When the Kimberley Process Certification Scheme (KPCS) was first established in 2003, it was hailed as a triumph for corporate social responsibility, and a hammer-blow against those groups reaping financial gain from a bloody trade in conflict diamonds that had cost tens of thousands of innocent lives.
Less than a decade later, however, and this optimism has been tempered indeed. At the heart of the problem is the fact that the KPCS only proscribes the purchase of diamonds obtained through conflict and mined by rebel groups, rather than merely proscribing the purchase of diamonds proscribed through conflict in general.
Given that it was the United Nations that ratified the scheme, in General Assembly Resolution 55/56, this is hardly surprising. It is state governments that vote at the UN, and turkeys don’t vote for Christmas. Clamping down on rebel groups is something every state leader, whether democratic or despotic, can comfortably agree on. Clamping down on violent and kleptocratic activity by governments themselves is another matter entirely.
This problem has manifested itself most violently in Zimbabwe, where President Robert Mugabe’s ZANU-PF controls the enormous Marange diamond fields in the east of the country. Since the violent seizure of the fields by ZANU-controlled forces in October 2008, the extraction of Marange diamonds has been conducted in precisely the manner the Kimberly Process was designed to prevent: through forced-labour, violence and death.
Though some sanctions do now exist on the Marange fields, efforts by groups such as Global Witness and Partnership Africa-Canada (PAC) to see Zimbabwe formerly suspended from the scheme have repeatedly failed. This is not for want of trying by such organisations, which perform an extremely important and effective function in highlighting abuses of the system and seeking to hold perpetrators to account. Rather the problem rests at a higher and altogether more depressing level: most governments reel at the prospect of holding a fellow government to account in the same manner as they would a rebel group. Go down that path, they think, and they could be next.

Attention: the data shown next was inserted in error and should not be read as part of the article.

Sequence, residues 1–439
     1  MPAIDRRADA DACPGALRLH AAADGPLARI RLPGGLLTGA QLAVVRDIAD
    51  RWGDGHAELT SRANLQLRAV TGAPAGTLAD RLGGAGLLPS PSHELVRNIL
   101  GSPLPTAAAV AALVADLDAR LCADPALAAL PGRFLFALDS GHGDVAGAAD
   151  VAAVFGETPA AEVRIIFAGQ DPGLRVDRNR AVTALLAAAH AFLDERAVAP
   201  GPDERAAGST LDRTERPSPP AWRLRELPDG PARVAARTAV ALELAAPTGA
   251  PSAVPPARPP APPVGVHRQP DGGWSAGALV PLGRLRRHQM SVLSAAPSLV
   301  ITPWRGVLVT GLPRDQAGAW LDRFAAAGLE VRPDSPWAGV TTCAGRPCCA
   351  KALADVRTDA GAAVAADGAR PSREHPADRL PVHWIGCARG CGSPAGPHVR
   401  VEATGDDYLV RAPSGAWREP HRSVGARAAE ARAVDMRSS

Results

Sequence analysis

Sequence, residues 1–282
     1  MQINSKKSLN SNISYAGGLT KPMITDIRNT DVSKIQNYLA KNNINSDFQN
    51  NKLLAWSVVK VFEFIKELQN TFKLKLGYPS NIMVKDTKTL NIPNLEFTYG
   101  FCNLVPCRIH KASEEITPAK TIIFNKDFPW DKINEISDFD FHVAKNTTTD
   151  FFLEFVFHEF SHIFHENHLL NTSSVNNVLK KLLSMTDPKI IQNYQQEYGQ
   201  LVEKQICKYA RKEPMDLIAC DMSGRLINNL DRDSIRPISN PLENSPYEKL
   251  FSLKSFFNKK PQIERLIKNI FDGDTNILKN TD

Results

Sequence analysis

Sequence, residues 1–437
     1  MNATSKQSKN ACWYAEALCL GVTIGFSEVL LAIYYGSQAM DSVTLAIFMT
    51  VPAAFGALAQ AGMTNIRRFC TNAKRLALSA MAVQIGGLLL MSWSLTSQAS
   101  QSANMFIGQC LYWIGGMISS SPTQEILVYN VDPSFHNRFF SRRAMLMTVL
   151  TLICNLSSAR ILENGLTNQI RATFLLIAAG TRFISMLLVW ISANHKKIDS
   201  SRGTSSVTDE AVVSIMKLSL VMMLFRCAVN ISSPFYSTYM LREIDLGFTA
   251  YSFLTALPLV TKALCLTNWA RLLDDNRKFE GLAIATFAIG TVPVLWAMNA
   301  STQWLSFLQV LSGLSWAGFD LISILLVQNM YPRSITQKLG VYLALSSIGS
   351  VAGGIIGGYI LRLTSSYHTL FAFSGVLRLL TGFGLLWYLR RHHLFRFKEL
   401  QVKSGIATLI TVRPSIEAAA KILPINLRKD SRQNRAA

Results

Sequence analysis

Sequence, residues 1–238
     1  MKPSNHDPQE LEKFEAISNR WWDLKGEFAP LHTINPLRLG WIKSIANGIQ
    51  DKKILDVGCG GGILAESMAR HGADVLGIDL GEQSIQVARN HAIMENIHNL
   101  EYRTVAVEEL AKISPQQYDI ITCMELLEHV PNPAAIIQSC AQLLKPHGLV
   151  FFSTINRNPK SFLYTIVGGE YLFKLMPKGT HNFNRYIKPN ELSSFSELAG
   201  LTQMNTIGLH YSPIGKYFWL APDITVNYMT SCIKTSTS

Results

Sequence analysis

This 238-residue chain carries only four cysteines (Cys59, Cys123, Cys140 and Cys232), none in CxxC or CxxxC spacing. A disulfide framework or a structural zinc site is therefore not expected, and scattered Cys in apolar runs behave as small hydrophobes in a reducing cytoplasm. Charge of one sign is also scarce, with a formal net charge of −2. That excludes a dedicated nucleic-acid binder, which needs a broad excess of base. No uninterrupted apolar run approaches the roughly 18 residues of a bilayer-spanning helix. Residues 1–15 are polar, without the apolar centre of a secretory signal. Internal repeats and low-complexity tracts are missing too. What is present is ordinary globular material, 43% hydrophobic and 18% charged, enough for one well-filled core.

Indeed, far from taking Zimbabwe to task, many African governments contend that efforts to see the country suspended are little more than a thinly-veiled Western plot to control global diamond markets.
Changing the KP to hold governments such as Zimbabwe to account, therefore, seems a more-than daunting challenge, and it is unlikely to happen through the regular channels any time soon. In advancing this effort, civil society certainly has a critical role to play, particularly so outside the West. African NGOs especially need to be – and be seen to be – at the forefront of efforts to combat this problem and force a change that cannot simply be tarred with the tired old anti-Western brush.
The reality, however, is that KPCS compliance only becomes an issue in countries where governments routinely violate human rights and the rule of law as a matter of course, regardless of whether diamonds are involved or not.
So here’s the bottom line: whilst efforts to reform the KPCS must continue, they must be accompanied by an equally important effort on the part of civil society actors and responsible international governments to challenge the status quo inside Zimbabwe itself. The surest way to make progress on Zimbabwe’s conflict diamond problem is to make some progress on its regime problem, for the former is a symptom of the latter.
Certainly, encouraging the emergence of a Zimbabwean government that is responsive to the needs of its citizens and respectful of the rule of law will be hard, but if events in North Africa and the Middle East have taught us anything, it is that change is always possible, however well-entrenched the system may seem. Morevoer, that something is difficult to achieve is not, and never was, sufficient excuse to do nothing at all. And those putting all their eggs in the Kimberley basket should recognise that getting the UN to change its ways on such matters will be an altogether taller order.